Apologies, I haven’t written in a while. I must admit I’ve been pretty busy of late, but everytime I think about writing a blog entry, there’s something in me that made me pause and think ‘maybe another time’. It’s not that there wasn’t things to write about. It just seemed like it was the same things I could write about. It almost felt like I was in a boat going nowhere. Plenty to see, but the same things to see.
The source of this directionless feeling, I believe comes from my current view of the Niu Sila / New Zealand political arena. Despite plenty of things to see and plenty of things are happening in the political world, it all seems the same. I guess this is illustrated in the political polls (except the most recent ones), where despite all the hiccups, this National Government is still pulling in big numbers. Deputy Prime Minister, Bill English, is currently claiming ,000 a year from taxpayers to live in his own house, while he preaches to everyone else to tighten their belts. Yet not a dent in the Governments ratings.
Is society so apathetic? Or is the Left no doing it right? What is the Right doing so right? This feeling of futility has been an albatross around the necks of those on the Left. No matter what you do, everything stays the same.
This is further illustrated in the recent resignation of Green Party MP, Sue Bradford.
Sue Bradford was a tireless worker for the marginalised in society. Her background before entering politics was hard-edged, class-based, street-level activism. As a politician, she was one of the most well-liked, because she was able to work across party lines.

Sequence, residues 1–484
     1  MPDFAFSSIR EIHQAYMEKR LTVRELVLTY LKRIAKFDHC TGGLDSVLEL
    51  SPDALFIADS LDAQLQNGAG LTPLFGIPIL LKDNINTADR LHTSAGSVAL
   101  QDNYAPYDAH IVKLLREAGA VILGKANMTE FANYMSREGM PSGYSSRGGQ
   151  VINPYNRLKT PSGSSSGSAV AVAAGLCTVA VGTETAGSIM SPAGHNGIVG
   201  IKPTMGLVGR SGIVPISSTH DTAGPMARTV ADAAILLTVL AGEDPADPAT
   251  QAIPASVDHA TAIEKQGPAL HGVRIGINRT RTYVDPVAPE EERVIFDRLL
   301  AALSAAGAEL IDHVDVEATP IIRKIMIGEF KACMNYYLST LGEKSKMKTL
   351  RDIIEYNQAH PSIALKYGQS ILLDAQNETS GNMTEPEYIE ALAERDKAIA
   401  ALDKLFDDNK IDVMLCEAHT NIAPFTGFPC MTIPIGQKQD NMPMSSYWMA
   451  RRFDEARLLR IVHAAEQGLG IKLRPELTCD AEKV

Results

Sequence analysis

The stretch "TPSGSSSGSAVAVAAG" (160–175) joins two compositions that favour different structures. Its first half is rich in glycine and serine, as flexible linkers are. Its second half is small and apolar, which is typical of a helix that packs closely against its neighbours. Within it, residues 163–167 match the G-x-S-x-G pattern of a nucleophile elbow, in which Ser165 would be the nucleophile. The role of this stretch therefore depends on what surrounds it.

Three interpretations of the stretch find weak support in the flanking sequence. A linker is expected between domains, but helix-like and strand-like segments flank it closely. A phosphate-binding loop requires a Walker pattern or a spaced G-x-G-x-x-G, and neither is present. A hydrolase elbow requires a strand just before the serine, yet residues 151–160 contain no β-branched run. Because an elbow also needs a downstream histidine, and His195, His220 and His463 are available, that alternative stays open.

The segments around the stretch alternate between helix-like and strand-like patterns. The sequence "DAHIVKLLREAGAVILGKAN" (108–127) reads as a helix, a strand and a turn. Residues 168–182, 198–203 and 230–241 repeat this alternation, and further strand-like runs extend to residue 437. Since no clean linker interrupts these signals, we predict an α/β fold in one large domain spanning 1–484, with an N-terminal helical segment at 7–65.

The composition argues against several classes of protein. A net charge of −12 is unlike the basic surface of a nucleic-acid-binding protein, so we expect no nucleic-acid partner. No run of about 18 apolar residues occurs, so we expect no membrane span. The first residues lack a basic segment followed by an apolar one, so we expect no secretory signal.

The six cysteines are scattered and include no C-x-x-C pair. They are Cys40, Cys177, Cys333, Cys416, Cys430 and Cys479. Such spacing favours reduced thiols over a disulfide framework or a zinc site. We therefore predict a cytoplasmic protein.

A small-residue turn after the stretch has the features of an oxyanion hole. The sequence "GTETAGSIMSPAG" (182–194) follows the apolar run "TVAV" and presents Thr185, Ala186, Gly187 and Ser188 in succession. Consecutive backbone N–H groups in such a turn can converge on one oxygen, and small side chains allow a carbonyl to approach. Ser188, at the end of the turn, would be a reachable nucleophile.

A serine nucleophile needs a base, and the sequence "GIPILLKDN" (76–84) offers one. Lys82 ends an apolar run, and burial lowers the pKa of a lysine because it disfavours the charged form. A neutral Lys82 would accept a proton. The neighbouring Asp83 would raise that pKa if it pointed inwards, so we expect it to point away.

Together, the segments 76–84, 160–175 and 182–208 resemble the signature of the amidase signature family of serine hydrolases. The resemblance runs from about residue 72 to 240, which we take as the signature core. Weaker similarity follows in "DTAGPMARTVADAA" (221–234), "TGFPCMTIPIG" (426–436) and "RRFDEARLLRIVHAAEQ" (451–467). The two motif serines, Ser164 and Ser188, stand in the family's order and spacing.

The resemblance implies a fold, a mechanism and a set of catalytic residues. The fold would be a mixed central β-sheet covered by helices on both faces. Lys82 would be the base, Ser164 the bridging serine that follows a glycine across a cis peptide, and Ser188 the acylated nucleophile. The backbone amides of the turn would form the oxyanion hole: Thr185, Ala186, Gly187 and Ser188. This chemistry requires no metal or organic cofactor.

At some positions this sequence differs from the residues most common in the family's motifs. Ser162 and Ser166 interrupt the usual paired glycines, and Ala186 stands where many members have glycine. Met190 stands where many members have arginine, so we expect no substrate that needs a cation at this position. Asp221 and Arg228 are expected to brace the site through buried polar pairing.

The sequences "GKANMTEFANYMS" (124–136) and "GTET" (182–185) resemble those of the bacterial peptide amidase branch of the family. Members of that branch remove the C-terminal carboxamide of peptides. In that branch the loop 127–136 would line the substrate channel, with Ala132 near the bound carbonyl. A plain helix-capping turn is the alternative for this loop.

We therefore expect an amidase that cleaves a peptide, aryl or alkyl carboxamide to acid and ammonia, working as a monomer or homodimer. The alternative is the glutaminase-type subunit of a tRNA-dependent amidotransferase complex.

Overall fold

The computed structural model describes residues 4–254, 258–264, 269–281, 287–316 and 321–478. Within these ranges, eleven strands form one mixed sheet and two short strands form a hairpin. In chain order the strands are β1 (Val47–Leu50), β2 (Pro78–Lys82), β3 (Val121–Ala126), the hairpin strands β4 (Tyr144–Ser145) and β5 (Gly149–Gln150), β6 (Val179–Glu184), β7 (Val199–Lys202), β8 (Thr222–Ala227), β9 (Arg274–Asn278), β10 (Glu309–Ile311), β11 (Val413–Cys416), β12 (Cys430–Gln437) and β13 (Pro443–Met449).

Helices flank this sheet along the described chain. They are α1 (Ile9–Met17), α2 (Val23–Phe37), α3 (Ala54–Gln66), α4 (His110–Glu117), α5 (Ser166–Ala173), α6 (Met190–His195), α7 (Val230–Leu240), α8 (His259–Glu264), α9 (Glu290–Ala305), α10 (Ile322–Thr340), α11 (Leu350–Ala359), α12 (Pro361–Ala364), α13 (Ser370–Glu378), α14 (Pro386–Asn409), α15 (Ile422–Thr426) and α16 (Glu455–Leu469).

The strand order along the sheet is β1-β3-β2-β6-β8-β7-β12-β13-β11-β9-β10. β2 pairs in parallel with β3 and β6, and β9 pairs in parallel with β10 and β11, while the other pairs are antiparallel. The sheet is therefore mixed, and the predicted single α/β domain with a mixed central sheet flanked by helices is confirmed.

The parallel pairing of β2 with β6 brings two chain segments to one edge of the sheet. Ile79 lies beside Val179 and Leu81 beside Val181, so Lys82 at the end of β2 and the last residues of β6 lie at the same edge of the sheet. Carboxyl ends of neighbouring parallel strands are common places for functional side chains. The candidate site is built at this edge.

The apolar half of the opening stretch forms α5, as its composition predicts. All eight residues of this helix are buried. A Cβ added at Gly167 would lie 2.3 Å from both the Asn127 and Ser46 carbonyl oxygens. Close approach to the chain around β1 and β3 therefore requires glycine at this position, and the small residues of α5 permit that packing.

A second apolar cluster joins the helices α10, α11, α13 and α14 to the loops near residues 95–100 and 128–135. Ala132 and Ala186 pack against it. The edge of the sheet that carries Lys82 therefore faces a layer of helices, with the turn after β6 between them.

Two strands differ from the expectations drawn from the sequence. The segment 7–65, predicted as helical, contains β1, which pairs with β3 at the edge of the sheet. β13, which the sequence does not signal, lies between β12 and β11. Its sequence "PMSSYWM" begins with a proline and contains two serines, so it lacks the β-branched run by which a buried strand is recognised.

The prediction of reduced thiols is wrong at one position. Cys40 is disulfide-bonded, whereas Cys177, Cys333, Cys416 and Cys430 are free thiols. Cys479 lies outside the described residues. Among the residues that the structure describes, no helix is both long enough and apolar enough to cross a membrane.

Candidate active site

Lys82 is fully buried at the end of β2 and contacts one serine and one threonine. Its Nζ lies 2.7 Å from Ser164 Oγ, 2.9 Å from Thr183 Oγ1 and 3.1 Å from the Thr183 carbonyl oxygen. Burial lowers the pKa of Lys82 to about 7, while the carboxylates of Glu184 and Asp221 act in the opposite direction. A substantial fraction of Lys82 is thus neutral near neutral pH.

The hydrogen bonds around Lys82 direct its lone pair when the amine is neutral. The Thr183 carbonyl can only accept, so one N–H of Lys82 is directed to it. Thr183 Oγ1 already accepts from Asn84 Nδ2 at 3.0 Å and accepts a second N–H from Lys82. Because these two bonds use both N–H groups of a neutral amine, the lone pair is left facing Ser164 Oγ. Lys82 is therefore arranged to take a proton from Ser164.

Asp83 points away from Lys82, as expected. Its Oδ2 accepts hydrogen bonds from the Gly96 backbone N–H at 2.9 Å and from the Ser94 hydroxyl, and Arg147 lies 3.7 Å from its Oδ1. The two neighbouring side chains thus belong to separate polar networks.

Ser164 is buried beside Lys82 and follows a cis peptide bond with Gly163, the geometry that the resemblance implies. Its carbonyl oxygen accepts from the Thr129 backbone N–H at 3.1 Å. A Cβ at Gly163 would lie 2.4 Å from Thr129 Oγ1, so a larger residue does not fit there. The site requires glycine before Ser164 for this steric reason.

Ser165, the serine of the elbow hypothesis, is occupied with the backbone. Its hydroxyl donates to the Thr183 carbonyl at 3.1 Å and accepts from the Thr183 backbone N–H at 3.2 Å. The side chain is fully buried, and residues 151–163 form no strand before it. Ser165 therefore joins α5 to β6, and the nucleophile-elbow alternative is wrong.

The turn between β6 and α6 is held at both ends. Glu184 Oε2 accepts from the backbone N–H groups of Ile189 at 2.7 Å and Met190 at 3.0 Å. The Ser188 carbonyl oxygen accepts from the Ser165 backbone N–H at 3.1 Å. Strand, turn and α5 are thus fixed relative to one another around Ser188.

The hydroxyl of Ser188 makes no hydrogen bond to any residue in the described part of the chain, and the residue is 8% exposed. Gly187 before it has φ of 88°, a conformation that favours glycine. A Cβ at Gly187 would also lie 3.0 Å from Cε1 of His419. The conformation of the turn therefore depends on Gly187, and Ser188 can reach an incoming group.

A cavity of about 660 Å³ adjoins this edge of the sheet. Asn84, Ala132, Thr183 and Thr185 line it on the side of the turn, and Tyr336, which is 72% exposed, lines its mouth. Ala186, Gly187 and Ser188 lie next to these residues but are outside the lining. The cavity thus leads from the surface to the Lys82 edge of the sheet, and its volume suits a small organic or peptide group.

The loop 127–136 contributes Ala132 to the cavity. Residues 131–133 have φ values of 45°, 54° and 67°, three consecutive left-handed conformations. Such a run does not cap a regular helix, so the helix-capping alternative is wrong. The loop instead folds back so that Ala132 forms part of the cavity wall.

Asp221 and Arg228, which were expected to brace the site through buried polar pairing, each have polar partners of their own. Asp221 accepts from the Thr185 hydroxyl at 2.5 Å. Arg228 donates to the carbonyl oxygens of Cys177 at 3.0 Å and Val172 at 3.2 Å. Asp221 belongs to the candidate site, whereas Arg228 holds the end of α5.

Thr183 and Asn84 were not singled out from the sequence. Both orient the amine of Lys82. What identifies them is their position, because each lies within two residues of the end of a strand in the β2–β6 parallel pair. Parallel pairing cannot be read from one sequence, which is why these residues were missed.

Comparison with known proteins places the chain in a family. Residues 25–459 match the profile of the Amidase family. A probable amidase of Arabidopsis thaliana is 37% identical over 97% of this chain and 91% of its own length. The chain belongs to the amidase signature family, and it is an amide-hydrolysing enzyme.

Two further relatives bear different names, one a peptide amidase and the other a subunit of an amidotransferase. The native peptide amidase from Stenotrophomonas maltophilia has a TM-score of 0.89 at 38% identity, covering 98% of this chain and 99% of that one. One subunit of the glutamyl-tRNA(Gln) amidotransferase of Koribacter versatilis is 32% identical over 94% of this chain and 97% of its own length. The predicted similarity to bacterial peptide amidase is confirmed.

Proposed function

Sue Bradford is also one of the most successful MPs with the unique distinction of seeing three Members’ Bills passed into law in the last Parliament. Respectively, they lifted the youth minimum wage to adult rates, extended the length of time some mothers in prison can keep their babies with them, and amended s59 of the Crimes Act so that children receive the same legal protection from assault as adults
The Green Party launched into the MMP setting with a radical political brand that embraced, naturally, environmental issues, but also blends of eco-religious activism (rastafarian, Nandor Tanczos) and eco-socialism (Sue Bradford and Keith Locke). The new Green party was the new Left. It appealed to younger voters, such as myself, because it crossed so many more boundaries than the orthodox bigger political parties.
As a child of the 80’s, we all knew about the bombing of Greenpeace’s ship, Rainbow Warrior in Niu Sila, by French terrorists. Although, only the decade before, the effects of the anti-Springbok Tour, the Maori Land March etc, were still raw by the 1980s. We grew up being conscious of environmental and social issues, whether they were local or global. The early Greens appreciated this and work towards creating a political vehicle.